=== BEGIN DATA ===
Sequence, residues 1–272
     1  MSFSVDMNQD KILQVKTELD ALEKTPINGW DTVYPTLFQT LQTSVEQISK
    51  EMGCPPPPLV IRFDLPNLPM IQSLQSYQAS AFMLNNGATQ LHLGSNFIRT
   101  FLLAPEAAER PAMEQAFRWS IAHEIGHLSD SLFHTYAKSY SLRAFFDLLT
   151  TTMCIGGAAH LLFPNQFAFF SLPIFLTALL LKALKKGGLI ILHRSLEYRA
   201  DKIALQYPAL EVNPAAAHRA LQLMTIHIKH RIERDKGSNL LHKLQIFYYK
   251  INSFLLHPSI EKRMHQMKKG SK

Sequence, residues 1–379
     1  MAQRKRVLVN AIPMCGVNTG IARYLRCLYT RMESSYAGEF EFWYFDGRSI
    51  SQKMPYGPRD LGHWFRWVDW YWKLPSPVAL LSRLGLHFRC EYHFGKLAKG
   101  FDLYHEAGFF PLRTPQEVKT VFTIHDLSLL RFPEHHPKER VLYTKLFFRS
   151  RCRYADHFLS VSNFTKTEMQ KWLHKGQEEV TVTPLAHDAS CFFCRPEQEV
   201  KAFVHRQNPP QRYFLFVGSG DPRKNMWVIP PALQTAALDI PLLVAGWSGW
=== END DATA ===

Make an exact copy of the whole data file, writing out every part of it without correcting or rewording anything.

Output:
Sequence, residues 1–272
     1  MSFSVDMNQD KILQVKTELD ALEKTPINGW DTVYPTLFQT LQTSVEQISK
    51  EMGCPPPPLV IRFDLPNLPM IQSLQSYQAS AFMLNNGATQ LHLGSNFIRT
   101  FLLAPEAAER PAMEQAFRWS IAHEIGHLSD SLFHTYAKSY SLRAFFDLLT
   151  TTMCIGGAAH LLFPNQFAFF SLPIFLTALL LKALKKGGLI ILHRSLEYRA
   201  DKIALQYPAL EVNPAAAHRA LQLMTIHIKH RIERDKGSNL LHKLQIFYYK
   251  INSFLLHPSI EKRMHQMKKG SK

Sequence, residues 1–379
     1  MAQRKRVLVN AIPMCGVNTG IARYLRCLYT RMESSYAGEF EFWYFDGRSI
    51  SQKMPYGPRD LGHWFRWVDW YWKLPSPVAL LSRLGLHFRC EYHFGKLAKG
   101  FDLYHEAGFF PLRTPQEVKT VFTIHDLSLL RFPEHHPKER VLYTKLFFRS
   151  RCRYADHFLS VSNFTKTEMQ KWLHKGQEEV TVTPLAHDAS CFFCRPEQEV
   201  KAFVHRQNPP QRYFLFVGSG DPRKNMWVIP PALQTAALDI PLLVAGWSGW